Comment: Some helpful articles on Alzheimer's disease:

Food for thought: Eat your way to dementia - sugar and carbs cause Alzheimer's Disease

Ketogenic Diet Reduces Symptoms of Alzheimer's

The Ketogenic Diet - An Overview

Ketogenic Diet (high-fat, low-carb) Has Neuroprotective and Disease-modifying Effects

Health

Sport in old age can stimulate brain fitness, but effect decreases with advancing age

© DZNE
Neuroscientists studied older adults exercising on the treadmill.
Physical exercise in old age can improve brain perfusion as well as certain memory skills. This is the finding of Magdeburg neuroscientists who studied men and women aged between 60 and 77. In younger individuals regular training on a treadmill tended to improve cerebral blood flow and visual memory. However, trial participants who were older than 70 years of age tended to show no benefit of exercise. Thus, the study also indicates that the benefits of exercise may be limited by advancing age. Researchers of the German Center for Neurodegenerative Diseases (DZNE), the University of Magdeburg and the Leibniz Institute for Neurobiology have published these results in the current edition of the journal Molecular Psychiatry. Scientists at the Karolinska Institute in Stockholm and the Max Planck Institute for Human Development were also involved in the study.

The 40 test volunteers were healthy for their age, sedentary when the study commenced and divided into two groups. About half of the study participants exercised regularly on a treadmill for 3 months. The other individuals merely performed muscle relaxation sessions. In 7 out of 9 members of the exercise group who were not more than 70 years old, the training improved physical fitness and also tended to increase perfusion in the hippocampus -- an area of the brain which is important for memory function. The increased perfusion was accompanied by improved visual memory: at the end of the study, these individuals found it easier to memorize abstract images than at the beginning of the training program. These effects were largely absent in older volunteers who participated in the workout as well as in the members of the control group.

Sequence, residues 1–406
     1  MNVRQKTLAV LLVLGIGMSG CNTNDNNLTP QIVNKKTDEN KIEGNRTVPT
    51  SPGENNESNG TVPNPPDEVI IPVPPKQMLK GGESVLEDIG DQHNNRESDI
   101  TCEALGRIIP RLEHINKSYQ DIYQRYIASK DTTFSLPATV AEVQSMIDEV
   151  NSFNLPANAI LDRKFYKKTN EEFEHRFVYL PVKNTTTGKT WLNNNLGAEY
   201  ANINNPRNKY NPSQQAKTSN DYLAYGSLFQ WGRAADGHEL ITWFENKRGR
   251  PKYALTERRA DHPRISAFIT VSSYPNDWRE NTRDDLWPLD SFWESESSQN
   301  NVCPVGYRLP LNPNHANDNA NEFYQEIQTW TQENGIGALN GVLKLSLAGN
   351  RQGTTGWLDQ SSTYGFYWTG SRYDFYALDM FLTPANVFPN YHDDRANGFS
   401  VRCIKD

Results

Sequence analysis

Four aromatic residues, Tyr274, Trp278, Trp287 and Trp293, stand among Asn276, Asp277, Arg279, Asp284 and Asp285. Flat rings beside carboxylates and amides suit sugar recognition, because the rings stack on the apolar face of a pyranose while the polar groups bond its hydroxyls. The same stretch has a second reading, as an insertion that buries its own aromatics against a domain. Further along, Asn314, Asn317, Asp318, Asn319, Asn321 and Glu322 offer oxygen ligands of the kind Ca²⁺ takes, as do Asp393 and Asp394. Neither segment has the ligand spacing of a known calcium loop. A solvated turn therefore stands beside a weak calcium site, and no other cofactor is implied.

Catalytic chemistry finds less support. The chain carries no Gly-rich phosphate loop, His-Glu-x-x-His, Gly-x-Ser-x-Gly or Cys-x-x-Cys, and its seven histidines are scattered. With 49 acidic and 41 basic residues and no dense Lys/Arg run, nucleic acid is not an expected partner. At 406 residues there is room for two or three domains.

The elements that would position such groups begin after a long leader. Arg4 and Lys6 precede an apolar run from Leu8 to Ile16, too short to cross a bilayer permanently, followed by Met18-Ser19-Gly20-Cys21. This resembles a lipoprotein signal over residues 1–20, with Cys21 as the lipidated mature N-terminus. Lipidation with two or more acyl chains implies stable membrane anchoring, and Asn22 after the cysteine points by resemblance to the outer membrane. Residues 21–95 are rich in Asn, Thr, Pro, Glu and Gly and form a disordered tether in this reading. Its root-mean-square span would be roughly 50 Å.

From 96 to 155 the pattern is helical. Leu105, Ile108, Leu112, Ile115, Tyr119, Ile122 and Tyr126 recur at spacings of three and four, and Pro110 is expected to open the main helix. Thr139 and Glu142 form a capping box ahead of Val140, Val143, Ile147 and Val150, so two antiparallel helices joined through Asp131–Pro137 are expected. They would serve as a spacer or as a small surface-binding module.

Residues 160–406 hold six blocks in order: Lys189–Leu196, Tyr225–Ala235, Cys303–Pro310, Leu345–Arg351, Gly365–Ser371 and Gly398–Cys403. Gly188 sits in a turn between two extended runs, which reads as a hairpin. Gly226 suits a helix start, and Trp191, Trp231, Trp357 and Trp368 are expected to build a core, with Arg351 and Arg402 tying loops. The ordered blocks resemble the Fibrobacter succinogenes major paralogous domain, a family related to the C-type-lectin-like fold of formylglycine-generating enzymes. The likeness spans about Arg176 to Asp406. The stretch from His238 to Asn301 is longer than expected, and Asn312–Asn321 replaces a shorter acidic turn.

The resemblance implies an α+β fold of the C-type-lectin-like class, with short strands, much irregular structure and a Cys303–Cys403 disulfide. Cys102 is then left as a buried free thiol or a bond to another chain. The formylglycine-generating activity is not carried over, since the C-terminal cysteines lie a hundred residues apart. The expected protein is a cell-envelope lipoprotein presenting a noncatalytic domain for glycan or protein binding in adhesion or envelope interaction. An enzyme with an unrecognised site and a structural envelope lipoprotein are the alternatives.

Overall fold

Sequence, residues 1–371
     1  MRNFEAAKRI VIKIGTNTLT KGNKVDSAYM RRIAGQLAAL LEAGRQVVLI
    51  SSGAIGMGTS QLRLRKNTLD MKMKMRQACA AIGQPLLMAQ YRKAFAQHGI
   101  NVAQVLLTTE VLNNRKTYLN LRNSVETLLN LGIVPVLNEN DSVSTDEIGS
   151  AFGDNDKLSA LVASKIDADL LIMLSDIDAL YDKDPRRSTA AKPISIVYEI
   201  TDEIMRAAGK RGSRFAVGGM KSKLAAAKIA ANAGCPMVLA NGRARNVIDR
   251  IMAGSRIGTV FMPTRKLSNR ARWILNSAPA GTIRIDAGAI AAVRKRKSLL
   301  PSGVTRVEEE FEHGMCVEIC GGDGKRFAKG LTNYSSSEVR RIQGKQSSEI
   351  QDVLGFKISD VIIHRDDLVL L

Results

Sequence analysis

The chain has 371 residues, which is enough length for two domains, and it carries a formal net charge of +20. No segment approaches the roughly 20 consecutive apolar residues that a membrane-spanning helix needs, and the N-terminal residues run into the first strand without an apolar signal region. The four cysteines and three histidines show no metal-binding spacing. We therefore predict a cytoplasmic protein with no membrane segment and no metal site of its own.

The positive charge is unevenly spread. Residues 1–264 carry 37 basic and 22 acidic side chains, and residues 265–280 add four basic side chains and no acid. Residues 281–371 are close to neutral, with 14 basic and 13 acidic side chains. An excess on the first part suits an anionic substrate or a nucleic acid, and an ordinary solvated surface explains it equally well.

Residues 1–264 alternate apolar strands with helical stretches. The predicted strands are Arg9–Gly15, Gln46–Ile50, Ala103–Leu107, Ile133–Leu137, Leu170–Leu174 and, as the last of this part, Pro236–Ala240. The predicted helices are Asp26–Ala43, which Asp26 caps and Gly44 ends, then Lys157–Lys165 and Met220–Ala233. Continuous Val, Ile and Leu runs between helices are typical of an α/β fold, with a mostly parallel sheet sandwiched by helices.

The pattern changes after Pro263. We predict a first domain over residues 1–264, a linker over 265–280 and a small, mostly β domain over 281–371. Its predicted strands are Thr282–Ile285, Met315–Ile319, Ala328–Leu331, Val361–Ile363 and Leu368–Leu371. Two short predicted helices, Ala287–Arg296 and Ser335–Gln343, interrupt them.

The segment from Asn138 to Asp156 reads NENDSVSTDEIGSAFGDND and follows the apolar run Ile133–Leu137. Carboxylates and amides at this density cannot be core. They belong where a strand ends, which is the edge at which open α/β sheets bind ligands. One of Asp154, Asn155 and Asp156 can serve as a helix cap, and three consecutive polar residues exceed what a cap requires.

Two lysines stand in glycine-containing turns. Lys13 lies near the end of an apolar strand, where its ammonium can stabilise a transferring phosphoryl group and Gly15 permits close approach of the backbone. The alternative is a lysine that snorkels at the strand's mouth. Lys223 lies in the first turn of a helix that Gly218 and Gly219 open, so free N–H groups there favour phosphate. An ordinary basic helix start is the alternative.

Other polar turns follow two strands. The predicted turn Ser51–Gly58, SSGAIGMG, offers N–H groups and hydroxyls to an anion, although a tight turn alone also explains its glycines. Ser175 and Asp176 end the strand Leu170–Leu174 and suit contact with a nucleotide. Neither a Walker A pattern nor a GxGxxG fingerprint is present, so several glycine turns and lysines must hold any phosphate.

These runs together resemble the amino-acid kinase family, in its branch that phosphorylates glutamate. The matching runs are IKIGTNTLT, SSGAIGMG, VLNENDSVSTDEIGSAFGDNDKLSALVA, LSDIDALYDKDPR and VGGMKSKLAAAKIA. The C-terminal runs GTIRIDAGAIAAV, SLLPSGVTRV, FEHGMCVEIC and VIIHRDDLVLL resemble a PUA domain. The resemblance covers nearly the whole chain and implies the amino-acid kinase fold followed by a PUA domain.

The study included extensive tests of the volunteers' physical condition and memory. Furthermore, the study participants were examined by magnetic resonance imaging (MRI). This technique enables detailed insights into the interior of the brain.
Health

New study charts the fate of chemicals affecting health, environment


The trajectory of chemicals appearing as emergent threats to human or environmental health has been recently studied through a meta-analysis of 143,000 peer-reviewed research papers. The work tracks the progress of these chemicals of emerging concern, revealing patters of emergence from obscurity to peak concern and eventual decline, over a span of 30 years.
Looking forward in science often requires looking back, evaluating trends to extrapolate future outcomes. A classic case is Moore's Law, which predicts that the density of components on an integrated circuit will double every 24 months. The estimate has helped guide many developments in the computer industry.

In a new study, Rolf Halden, PhD, a researcher at Arizona State University's Biodesign Institute, examines the trajectory of chemicals appearing as emergent threats to human or environmental health.

Halden's meta-analysis of 143,000 peer-reviewed research papers tracks the progress of these chemicals of emerging concern or CECs, revealing patters of emergence from obscurity to peak concern and eventual decline, over a span of 30 years.